Asian megacities: Your experiences
- 20 June 2011
- From the section World
As part of our Power of Asia series the BBC is examining megacities and the urban development of other Asian cities.
BBC News website readers have been sharing their experiences of what life is like living in an Asian megacity.
Here they discuss the pros and cons of life where they live.
Dr Imrul Hasan, Dhaka, Bangladesh
I arrived in Dhaka in 1993 and have been living here ever since. I work in a small private hospital in the city but I have a second, part-time job in another hospital because the living costs are so high that I need the extra income.
In the last five to 10 years, living costs have gone up threefold. I think this is probably because of the rising population and I suppose that costs have risen throughout the world.
When I first came to Dhaka I lived in the old town. In those days, the area was full of old buildings which have since been replaced by newer ones.
But despite its more modern appearance, there are many problems in the old town. There aren't the facilities to serve the number of people now living in that area. There are water shortages and problems with traffic.
I now live on the other side of Dhaka, in Mirpur. I like it better than old Dhaka but we still have problems with power and water shortages and transport. I don't think the infrastructure here is very well developed and I don't feel optimistic about great improvements in the future.
It is stressful living in Dhaka but if I lived outside the city I wouldn't be able to find a job.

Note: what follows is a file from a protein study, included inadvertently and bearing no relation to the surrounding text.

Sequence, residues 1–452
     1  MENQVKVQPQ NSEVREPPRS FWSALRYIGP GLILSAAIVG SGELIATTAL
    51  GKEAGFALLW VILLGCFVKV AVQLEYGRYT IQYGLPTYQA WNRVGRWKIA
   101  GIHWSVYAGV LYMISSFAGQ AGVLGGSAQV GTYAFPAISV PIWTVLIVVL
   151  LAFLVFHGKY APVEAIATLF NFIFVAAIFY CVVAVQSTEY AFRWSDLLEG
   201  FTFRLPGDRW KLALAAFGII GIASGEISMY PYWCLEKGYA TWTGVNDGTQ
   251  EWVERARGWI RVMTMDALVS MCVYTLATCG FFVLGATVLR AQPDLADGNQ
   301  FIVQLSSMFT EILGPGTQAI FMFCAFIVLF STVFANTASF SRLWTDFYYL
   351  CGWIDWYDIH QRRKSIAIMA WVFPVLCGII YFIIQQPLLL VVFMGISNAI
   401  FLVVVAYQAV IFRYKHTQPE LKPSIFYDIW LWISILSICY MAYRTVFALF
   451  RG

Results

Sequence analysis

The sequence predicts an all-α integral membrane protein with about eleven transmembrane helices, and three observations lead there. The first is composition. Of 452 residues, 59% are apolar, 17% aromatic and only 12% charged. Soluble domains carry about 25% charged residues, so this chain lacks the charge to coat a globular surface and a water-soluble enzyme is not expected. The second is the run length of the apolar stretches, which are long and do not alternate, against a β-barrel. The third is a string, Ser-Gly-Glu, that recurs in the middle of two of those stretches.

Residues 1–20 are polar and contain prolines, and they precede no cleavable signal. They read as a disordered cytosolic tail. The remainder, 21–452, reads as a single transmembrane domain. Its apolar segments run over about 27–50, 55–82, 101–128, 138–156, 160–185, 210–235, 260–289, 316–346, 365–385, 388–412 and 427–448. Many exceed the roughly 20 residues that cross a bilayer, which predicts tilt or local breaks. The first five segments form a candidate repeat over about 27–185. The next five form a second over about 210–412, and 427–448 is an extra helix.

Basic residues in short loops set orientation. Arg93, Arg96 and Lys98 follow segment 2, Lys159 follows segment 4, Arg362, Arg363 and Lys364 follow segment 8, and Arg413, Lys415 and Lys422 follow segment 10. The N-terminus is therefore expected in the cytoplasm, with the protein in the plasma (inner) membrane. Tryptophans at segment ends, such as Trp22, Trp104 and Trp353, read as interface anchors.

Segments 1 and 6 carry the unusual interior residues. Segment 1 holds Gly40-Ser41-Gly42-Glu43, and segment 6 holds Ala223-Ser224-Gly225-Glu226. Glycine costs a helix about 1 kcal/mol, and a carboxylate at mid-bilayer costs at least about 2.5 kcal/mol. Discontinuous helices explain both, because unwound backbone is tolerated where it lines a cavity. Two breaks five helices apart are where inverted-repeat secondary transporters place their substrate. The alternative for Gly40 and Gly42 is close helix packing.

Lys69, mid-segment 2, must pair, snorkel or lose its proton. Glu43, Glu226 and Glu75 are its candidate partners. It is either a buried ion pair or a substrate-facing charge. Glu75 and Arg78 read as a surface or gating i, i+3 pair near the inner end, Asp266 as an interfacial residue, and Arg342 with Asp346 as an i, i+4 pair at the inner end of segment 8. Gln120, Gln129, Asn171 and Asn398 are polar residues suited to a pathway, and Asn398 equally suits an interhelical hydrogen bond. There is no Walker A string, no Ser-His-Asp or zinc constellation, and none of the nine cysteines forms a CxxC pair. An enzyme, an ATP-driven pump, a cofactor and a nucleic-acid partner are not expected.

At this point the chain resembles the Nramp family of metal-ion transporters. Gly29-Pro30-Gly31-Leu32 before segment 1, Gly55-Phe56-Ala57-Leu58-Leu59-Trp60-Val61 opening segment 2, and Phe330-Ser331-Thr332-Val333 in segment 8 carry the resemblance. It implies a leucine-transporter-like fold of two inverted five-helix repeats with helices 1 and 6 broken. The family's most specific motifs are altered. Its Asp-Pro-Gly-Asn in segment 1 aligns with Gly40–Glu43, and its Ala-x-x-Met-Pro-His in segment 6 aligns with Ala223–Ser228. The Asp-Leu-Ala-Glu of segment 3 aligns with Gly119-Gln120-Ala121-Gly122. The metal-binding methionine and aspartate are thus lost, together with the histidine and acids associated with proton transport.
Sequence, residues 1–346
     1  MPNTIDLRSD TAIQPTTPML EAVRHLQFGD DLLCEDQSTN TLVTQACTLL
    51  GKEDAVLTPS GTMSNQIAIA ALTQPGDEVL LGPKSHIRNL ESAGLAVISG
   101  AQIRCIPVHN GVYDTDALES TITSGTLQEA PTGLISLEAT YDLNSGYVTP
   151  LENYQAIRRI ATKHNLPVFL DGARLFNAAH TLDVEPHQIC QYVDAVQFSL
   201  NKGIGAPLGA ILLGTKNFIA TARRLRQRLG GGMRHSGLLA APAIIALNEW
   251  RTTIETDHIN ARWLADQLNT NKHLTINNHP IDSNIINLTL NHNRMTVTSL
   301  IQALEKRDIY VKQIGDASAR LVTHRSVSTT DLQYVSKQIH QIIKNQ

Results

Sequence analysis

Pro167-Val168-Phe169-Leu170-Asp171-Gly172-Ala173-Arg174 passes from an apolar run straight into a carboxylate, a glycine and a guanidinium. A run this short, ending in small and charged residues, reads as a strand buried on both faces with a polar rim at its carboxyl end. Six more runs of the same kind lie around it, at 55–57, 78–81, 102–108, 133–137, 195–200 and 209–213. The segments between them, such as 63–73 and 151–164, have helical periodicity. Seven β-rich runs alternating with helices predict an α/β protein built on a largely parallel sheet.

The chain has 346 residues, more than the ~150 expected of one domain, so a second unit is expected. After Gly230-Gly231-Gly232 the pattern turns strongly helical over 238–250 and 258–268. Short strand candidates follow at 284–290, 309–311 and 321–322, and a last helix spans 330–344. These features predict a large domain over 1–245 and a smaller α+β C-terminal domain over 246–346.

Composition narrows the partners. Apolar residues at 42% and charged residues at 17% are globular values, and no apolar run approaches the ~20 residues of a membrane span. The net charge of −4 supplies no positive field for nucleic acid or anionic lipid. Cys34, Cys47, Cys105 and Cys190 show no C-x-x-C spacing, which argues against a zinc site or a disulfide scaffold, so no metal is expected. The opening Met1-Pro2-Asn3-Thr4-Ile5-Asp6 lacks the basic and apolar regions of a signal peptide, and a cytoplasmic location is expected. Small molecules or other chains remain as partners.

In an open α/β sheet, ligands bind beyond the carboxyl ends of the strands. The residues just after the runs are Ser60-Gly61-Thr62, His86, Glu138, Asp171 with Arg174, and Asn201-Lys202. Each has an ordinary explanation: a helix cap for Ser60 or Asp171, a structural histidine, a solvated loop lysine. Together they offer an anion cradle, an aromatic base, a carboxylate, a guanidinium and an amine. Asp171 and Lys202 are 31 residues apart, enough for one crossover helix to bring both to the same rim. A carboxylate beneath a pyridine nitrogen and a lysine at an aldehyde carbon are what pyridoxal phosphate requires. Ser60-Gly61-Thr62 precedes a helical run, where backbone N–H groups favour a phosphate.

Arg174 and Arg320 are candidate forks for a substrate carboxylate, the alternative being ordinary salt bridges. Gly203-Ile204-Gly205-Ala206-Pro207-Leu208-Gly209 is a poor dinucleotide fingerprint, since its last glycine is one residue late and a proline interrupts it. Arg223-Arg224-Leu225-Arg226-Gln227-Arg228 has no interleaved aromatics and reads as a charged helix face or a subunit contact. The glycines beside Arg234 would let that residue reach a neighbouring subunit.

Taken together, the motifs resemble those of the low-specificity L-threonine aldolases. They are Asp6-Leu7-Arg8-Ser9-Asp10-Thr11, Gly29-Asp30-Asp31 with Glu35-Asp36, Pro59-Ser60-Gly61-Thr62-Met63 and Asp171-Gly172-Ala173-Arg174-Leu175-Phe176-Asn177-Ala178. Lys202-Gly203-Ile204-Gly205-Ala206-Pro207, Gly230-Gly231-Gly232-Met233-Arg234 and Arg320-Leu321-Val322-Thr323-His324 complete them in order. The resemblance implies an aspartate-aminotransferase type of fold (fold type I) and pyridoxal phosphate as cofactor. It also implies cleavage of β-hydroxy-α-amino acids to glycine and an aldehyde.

It is very busy here, busy and crowded. However, there is a very strong sense of community. People are still very helpful and friendly - I have many friends and neighbours whom I know well. People are always willing to help each other.
Raymond, Guangzhou, China
We run an independent fashion label which operates out of London and Guangzhou, China. We design the clothes in London but source our materials and develop the products in China.
There is a strong consciousness here that Guangzhou is a megacity. It is the third most populous city in China as well as being the largest trading city here. Anyone in business - particularly those working with textiles - will know about Guangzhou.
This city has a rich history. This is where the opium war between Britain and China took place. It doesn't have the monuments of, say, Beijing, but it has the local markets and the fishing villages that indicate its importance as a trading centre, if not a tourist base.
There are many international businesses operating out of Guangzhou - not just Europeans but also people from the Middle East and northern Africa.
I've always lived in big cities - London, Hong Kong. Guangzhou is much like other big cities. The pace of life is fast compared with more remote cities and villages in China. With this comes a certain amount of daily stress.
Guangzhou is becoming quite cosmopolitan. There is a wide choice of foods and restaurants. Foreign visitors have quite a pleasant experience here and European tourists find it cheap although the costs are rising for locals.
I think life can be quite hard for migrant workers here - many of them struggle to find work. Typically the gap between rich and poor is quite high, which would also be the case for cities like Shanghai or Beijing.
Hasan Siddique, Karachi, Pakistan
I was born in Karachi and now live here, having studied for a period in the UK.
In my lifetime I have seen a lot of growth in this city. There are definitely a lot more people. Some of these people arrived after the floods, having come from the outskirts of the city.
Fortunately I live in a part of the city which is less congested but we do often have to travel to the busier areas. Many of these places are definitely overpopulated and some people attribute the high crime rate to overcrowding.
Some people think it's time to invest more in the infrastructure and improve things here but a lot of people are leaving the country. I want to be optimistic but I don't feel that the infrastructure can support further growth.